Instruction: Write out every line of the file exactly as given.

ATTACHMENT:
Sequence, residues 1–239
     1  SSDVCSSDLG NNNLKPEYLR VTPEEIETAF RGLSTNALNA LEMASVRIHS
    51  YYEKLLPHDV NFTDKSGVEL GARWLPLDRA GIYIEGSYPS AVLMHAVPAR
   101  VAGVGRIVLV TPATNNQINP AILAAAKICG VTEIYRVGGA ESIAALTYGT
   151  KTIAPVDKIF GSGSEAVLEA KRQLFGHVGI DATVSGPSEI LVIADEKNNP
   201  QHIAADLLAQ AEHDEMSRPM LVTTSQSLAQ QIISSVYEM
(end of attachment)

Sequence, residues 1–239
     1  SSDVCSSDLG NNNLKPEYLR VTPEEIETAF RGLSTNALNA LEMASVRIHS
    51  YYEKLLPHDV NFTDKSGVEL GARWLPLDRA GIYIEGSYPS AVLMHAVPAR
   101  VAGVGRIVLV TPATNNQINP AILAAAKICG VTEIYRVGGA ESIAALTYGT
   151  KTIAPVDKIF GSGSEAVLEA KRQLFGHVGI DATVSGPSEI LVIADEKNNP
   201  QHIAADLLAQ AEHDEMSRPM LVTTSQSLAQ QIISSVYEM